The unthinking and the unobservant
History shows that socialism brings misery to nations that adopt it
This past week, Alexandria Ocasio-Cortez, a self-proclaimed socialist, won the Democratic primary for a congressional seat in New York. Why would a sane person advocate a political movement that was responsible for well over a hundred million deaths in the last century, as well as untold misery? By her comments, Ms. Ocasio-Cortez revealed a couple of things about herself. The first is an ignorance of history — because it is unlikely that she really meant to be an advocate for a cause that often results in mass death and destruction — and that she is unable to think beyond stage 1, or the first order effect of a policy.
Perhaps, she is just so unobservant, unthinking, and uneducated not to notice the disaster of modern-day Venezuela, Cuba, North Korea or the former Soviet Union. Many socialists refer to their opponents as Nazis and Fascists, including to President Trump and his supporters, seemingly unaware that Nazi meant national socialist.
Socialism, in all its variants (democratic socialism, communism, Nazism, etc.), is all about taking property from one person and giving it to another, all in the name of equality. Families practice voluntary socialism within the family where the breadwinner(s) share income and property with other members of the family, most often the children. Religious groups and other voluntary organizations share some income and property among their members and even outsiders — which is a good thing when it is done on a voluntary basis.
But the socialism advocated by Ms. Ocasio-Cortez and Sen. Bernie Sanders, as well as Karl Marx, Lenin, Stalin, Mao, and so on, is not voluntary but coercive. That is; “I am going take your property, forcibly if necessary.” The Nazis and Fascists were also about taking other people’s stuff — just a variant of classic socialism. (For those who have forgotten history, Hitler and Mussolini were not free-market, limited-government guys — but men who imposed income redistribution schemes, just like other socialists.)
All governments tax and engage in some redistribution. Most taxation is coercive and enforced by the police powers of the state. And most people understand that some limited taxation and government is a price to be paid for a civil society. Implicitly people understand that government can be an effective means for protecting private property and person, and those basic functions need to be paid for.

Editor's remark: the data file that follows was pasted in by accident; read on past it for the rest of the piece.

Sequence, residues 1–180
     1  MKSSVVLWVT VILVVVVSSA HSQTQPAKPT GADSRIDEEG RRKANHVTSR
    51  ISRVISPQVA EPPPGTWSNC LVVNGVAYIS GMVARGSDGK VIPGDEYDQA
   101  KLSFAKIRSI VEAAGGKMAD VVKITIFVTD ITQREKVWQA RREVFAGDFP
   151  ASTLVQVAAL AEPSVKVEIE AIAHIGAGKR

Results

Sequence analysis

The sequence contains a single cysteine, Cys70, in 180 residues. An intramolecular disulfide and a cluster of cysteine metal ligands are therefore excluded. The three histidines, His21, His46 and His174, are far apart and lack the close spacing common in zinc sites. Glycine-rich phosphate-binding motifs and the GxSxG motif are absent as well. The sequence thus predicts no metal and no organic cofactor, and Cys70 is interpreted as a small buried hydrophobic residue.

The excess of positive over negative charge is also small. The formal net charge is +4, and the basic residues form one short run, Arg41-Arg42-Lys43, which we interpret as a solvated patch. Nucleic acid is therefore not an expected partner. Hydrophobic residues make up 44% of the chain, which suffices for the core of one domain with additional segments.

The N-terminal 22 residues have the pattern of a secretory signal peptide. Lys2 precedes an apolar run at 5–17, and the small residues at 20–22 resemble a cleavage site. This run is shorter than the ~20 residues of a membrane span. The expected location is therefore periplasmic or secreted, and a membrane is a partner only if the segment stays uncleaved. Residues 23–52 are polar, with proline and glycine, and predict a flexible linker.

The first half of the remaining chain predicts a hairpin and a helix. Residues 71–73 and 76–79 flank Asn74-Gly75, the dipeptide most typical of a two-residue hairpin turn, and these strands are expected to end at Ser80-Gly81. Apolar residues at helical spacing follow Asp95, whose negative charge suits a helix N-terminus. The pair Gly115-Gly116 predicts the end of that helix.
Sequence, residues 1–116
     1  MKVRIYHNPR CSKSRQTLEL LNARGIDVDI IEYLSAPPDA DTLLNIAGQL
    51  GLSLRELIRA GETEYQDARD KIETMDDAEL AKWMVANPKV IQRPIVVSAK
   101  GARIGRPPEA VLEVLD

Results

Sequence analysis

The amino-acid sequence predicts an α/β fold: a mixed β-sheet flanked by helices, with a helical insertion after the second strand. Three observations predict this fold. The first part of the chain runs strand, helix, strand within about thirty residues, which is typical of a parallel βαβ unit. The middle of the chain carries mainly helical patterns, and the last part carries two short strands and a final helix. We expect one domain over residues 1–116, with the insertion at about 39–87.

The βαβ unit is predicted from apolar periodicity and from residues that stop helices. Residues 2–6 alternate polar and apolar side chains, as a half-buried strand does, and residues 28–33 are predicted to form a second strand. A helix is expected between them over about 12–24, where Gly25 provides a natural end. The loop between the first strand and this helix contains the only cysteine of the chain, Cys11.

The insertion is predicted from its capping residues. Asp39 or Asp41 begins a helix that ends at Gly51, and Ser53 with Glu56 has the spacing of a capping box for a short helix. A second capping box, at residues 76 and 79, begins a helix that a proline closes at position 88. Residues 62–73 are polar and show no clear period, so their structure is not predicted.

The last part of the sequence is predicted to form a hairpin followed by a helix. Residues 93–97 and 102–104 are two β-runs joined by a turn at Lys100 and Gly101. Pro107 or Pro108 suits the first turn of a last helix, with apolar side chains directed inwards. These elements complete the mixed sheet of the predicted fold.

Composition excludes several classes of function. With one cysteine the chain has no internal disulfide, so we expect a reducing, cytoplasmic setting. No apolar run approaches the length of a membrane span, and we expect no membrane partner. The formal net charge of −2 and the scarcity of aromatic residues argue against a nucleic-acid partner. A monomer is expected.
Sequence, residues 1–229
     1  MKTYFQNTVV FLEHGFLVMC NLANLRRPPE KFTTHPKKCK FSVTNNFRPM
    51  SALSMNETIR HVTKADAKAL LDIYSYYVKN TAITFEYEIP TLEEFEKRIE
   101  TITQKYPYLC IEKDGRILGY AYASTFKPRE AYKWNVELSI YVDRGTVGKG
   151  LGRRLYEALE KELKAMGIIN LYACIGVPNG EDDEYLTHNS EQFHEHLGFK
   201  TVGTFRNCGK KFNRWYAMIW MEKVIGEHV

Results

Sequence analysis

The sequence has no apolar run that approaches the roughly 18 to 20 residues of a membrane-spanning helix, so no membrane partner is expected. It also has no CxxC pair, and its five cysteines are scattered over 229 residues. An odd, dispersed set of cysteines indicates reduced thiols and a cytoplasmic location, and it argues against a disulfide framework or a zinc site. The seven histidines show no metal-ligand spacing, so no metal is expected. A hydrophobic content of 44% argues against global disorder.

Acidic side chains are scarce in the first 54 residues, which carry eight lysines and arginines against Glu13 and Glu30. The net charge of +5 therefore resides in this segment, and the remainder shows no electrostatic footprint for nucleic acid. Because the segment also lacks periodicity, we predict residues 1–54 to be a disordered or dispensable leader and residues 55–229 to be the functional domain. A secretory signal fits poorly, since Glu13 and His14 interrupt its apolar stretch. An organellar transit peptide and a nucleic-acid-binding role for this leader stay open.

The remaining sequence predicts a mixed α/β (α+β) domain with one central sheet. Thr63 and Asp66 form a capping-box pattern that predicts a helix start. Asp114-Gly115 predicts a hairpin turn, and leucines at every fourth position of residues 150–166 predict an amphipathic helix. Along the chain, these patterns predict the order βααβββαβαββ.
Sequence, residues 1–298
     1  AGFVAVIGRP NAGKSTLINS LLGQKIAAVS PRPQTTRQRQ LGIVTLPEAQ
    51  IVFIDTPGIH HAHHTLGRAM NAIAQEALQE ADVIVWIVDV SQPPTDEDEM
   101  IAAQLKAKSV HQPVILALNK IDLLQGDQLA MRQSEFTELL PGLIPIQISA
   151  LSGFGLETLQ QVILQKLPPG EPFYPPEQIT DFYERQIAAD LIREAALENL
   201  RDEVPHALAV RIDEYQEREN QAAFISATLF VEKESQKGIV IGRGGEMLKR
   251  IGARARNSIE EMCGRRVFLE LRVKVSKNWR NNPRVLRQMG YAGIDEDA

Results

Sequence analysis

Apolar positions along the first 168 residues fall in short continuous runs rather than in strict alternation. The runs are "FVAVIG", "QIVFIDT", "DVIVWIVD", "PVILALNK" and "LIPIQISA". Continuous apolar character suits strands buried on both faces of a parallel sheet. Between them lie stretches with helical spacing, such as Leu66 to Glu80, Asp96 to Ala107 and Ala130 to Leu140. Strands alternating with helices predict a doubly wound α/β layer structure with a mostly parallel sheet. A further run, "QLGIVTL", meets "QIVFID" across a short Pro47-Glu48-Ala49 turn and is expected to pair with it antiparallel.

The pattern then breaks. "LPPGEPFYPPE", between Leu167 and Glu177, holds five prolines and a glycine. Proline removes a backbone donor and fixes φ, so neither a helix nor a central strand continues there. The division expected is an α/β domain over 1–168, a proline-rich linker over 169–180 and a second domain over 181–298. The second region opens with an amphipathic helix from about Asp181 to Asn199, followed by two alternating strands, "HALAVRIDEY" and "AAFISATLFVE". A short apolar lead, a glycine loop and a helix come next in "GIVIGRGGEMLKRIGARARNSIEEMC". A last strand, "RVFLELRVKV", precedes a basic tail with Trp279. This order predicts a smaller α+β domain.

Few object to a tax rate of 10 percent, and such a low rate has only a small disincentive effect on the willingness of the productive to work, save and invest. But as the tax rate increases, the disincentive effect also increases eventually to a point where the productive withdraw so much of their labor and investment that tax revenues actually fall (as illustrated by the Laffer Curve).
It is also well known that as government spending grows as a percentage of national income, it tends to both discourage personal responsibility for one’s economic well-being and becomes less efficient in how it is used, eventually resulting in negative economic growth (such as being experienced in Venezuela at the moment).
The historic and modern-day socialists live in a fairy-tale world where they think people will produce as much at a 90 percent tax rate as they will at a 20 percent tax rate, and where all government programs are administered with great competence, efficiency, and honesty. This never happens. So in democracies, the people finally get fed up and throw out the biggovernment types — the Thatcher revolution in the U.K. in 1979 being a prime example.
Many socialists, once having obtained power, even if by democratic means, claim the right to never allow a reversal.
Ms. Ocasio-Cortez, Sen. Bernie Sanders, and the other socialists advocate “free” healthcare for everyone, “free” higher education, and much other “free” stuff. But they are unable to explain how this is to be paid for. Some mumble about higher taxes on the rich — but again they are so unobservant and unthinking that they fail to notice the flight of rich people from high-tax states to low-tax states, and from high-tax countries to lowtax countries.
The mainstream media is quick to pounce on Mr. Trump for any of his contradictory and silly statements as they should, but many of them give a free pass to the socialists (including those in the Democratic party) — whose statements are often more absurd and dangerous than anything the president has said. If more members of the media had studied the physical sciences, economics and history, they might be better at thinking beyond stage 1. One really needs to be very unobservant and unthinking to be in Singapore (as many in the media were in covering the TrumpKim summit) and to be obviously clueless as to why Singapore is so successful.
Can you think of one socialist experiment that worked in the last several hundred years? There were none: not small utopian communities, not massive states — they were all failures. Children and young people are attracted to socialism because it seems to promise “fairness” and security — but, in fact, this attraction is product of an unobservant, unthinking and immature minds. Richard W. Rahn is chairman of Improbable Success Productions and on the board of the American Council for Capital Formation.